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As law firms push to collect from their clients and make their budgets this year, some may be considering another option: finding investors willing to buy their uncollected billings for cold, hard cash.

Driven by a need to pay partners, boost reported revenue or offset short-term financial uncertainty, firms in recent years have been experimenting with selling their accounts receivable to third parties. The buyers include banks and other investors—including funds that typically invest in litigation.


Travis Lenkner.

The process can work in different ways. Travis Lenkner, managing director of litigation finance firm Gerchen Keller, described a hypothetical law firm looking to collect on a $100 pool of receivables.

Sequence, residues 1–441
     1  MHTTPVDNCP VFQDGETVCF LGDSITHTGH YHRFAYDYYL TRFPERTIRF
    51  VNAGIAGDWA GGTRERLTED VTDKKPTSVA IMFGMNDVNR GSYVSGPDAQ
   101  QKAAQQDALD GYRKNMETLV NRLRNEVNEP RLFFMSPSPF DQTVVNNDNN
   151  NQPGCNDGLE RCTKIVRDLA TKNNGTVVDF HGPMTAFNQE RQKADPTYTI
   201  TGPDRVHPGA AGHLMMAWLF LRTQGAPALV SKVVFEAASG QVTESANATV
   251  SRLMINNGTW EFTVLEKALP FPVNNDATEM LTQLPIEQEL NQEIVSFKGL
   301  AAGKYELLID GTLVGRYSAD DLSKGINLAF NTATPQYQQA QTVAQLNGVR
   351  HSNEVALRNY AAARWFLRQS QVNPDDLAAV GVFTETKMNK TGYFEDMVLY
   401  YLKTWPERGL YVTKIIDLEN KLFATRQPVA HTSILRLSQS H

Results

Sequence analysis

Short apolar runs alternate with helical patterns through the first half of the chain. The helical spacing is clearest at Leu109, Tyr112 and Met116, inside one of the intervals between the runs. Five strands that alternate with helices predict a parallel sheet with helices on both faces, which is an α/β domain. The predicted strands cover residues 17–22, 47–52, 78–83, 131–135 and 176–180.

Gerchen Keller might pay $45 for a right to the first $50 that the firm collects, Lenkner said. The investment is sure to produce a profit for Gerchen Keller unless the firm fails to collect on more than 45 percent of the pooled billings. The firm takes a loss in return for guaranteed payment up front.

Lenkner said Gerchen Keller has made a number of such deals over the past three years, but he declined to say how many or with which firms. He said firms have been reaching out more and more frequently as their fiscal years wind down and clients have failed to deliver on time.

“The partners get on the phone; they ask nicely,” Lenkner said. “The client says, ‘My budget ends when yours does so I plan to pay you Jan. 2.’”

Litigation funder Burford Capital has also financed law firm receivables at the end of the year, according to Jonathan Molot, the company’s chief investment officer.